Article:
"It's impossible to have a truly objective map" says the interviewer in a story posted at onthemedia.org. He's talking to Michael Blanding (author of the forthcoming The Map Thief), who goes on to explain the Borges story about the 1:1 map that covers the whole world. Shrinking things to manageable size necessitates selection and generalisation, not to mention the production of cartography textbooks and manuals. This, in a story about the cartographic battle for Crimea.
Crimea has been annexed by Russia, but it is not official until state departments, cartographers, and commercial mapmakers make maps reflecting the geopolitical shift. Rand McNally and National Geographic have both been pulled into the battle for cartographic representation, but they are hedging their bets, waiting on the outcome of various diplomatic dealings and official statements as John Kerry and others do their work.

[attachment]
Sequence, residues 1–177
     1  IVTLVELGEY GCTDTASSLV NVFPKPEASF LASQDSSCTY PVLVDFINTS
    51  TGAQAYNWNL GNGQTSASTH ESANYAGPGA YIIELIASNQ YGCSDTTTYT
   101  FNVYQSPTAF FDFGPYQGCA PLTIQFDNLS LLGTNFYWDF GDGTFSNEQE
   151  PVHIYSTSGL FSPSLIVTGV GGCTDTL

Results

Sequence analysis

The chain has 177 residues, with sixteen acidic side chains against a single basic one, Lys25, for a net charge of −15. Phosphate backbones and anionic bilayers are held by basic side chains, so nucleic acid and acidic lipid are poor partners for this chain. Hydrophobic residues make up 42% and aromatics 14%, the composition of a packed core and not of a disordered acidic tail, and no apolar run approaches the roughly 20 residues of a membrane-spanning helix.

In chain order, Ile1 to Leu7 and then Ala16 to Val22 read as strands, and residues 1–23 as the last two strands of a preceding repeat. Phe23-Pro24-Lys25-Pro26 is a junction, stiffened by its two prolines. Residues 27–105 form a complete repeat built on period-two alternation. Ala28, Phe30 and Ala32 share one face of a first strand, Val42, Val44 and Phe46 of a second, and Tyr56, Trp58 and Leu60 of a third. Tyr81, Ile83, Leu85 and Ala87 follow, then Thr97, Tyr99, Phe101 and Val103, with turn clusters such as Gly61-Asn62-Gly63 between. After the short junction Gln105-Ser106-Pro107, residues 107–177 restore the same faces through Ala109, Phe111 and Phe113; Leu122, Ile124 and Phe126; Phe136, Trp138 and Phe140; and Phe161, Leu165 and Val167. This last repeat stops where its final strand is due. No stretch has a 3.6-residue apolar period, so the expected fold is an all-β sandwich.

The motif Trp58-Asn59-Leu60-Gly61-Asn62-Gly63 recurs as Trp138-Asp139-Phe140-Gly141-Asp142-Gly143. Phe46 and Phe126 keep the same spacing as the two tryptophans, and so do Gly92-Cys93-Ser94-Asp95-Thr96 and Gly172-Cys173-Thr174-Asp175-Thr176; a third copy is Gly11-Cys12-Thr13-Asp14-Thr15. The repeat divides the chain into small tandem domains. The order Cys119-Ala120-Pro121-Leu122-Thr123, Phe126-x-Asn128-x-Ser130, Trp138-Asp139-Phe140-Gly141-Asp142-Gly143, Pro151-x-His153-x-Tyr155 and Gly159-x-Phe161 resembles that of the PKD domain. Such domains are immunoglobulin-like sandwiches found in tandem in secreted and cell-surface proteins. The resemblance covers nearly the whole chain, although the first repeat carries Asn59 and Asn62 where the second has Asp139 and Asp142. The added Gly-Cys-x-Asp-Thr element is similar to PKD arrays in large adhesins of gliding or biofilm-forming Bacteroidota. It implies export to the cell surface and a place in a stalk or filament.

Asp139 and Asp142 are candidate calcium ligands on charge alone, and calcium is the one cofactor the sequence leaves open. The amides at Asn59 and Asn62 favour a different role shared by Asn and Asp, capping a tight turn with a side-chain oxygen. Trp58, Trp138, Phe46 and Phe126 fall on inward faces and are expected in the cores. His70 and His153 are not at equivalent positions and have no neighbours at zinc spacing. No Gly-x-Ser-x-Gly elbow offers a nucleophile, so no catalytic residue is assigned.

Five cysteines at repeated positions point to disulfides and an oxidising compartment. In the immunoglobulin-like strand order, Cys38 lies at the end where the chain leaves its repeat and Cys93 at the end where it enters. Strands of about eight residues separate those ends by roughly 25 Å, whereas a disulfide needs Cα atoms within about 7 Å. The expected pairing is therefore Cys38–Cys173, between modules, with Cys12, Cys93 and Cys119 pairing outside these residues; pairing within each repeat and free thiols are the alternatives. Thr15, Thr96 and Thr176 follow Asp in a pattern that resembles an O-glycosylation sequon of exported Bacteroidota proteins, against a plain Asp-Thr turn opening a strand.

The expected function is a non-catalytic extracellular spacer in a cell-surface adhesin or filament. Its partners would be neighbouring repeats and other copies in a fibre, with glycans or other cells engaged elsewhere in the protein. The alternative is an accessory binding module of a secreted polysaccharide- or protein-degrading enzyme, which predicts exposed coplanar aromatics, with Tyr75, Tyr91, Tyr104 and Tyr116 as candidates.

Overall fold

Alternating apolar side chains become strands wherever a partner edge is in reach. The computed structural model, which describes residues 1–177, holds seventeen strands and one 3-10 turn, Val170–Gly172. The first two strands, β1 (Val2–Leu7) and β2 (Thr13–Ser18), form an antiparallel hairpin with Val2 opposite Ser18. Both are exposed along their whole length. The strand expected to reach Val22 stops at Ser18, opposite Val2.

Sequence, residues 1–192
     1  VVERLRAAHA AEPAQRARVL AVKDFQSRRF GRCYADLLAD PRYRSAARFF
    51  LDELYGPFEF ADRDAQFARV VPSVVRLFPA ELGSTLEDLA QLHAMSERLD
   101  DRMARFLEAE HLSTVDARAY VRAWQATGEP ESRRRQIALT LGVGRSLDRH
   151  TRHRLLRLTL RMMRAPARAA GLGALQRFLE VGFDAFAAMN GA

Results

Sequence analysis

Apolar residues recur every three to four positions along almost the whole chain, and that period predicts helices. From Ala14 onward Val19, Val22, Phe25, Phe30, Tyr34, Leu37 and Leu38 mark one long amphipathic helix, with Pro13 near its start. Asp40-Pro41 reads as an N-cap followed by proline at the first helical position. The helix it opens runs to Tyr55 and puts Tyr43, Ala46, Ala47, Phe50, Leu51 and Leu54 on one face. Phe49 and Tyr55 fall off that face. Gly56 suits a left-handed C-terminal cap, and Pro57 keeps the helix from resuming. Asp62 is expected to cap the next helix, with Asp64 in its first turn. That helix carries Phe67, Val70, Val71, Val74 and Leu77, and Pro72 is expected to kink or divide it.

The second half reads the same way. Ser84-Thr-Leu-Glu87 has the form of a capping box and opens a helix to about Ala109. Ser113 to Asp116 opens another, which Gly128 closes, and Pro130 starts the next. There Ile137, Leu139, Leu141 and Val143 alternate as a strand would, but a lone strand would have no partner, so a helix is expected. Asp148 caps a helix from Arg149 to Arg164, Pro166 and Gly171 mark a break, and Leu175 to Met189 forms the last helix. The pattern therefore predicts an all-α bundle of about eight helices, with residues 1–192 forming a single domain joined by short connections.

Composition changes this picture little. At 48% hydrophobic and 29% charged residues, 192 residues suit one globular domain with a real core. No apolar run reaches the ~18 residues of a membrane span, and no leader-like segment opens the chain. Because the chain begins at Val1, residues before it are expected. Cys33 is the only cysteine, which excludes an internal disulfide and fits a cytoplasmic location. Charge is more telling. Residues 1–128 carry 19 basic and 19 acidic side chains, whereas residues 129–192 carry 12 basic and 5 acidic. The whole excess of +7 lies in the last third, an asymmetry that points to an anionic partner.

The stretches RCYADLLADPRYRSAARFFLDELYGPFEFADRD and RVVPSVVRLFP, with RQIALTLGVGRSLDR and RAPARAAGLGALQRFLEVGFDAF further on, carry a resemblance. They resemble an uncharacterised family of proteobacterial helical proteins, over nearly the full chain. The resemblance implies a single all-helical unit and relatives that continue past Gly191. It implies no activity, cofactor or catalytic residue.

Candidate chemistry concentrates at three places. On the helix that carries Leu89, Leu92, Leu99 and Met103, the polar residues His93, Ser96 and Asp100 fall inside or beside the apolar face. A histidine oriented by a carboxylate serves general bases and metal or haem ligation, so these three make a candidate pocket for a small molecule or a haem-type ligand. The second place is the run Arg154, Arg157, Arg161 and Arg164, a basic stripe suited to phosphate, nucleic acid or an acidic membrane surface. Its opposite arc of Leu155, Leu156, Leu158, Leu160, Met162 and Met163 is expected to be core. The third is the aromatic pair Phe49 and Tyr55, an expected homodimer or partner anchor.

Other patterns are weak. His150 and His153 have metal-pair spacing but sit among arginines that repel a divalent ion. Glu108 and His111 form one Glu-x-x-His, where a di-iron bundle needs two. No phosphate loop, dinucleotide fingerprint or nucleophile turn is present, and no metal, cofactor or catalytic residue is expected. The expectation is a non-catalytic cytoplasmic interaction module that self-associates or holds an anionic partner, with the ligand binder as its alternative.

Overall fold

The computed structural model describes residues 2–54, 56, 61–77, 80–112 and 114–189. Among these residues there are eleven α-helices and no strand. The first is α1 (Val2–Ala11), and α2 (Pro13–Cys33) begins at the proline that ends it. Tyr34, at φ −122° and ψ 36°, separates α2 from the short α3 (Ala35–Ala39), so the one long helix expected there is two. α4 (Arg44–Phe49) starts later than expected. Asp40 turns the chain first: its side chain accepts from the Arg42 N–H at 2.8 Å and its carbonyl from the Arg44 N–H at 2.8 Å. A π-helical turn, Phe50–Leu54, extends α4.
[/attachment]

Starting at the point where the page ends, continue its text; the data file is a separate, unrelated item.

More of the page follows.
Google and Wikipedia are both mentioned. Google, which is free but not open-source, has been badgered to make changes to its maps and it has so far resisted anything overtly political. Wikipedia allows changes by users and a battle has ensued with edits and counter-edits being made to their map of Russia.
Listen to the audio here:
Crimea: Crisis of Cartographic Proportions